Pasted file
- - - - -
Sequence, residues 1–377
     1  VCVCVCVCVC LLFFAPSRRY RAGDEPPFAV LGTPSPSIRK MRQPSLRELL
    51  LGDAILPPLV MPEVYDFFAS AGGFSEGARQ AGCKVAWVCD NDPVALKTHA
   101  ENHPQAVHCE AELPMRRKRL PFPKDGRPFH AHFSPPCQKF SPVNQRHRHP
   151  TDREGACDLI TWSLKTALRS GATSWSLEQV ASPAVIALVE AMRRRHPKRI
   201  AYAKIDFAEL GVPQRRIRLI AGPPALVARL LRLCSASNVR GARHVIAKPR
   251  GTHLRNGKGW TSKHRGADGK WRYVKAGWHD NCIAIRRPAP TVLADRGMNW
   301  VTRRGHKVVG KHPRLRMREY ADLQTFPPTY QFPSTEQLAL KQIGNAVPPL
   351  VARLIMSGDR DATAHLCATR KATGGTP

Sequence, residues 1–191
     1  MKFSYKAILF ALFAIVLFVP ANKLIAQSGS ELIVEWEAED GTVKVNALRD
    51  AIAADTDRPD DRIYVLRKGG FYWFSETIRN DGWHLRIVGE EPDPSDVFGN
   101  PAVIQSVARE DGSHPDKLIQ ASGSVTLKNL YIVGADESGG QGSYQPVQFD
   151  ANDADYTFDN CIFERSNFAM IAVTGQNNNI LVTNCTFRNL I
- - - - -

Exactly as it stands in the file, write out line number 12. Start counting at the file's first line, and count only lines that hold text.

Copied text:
    51  AIAADTDRPD DRIYVLRKGG FYWFSETIRN DGWHLRIVGE EPDPSDVFGN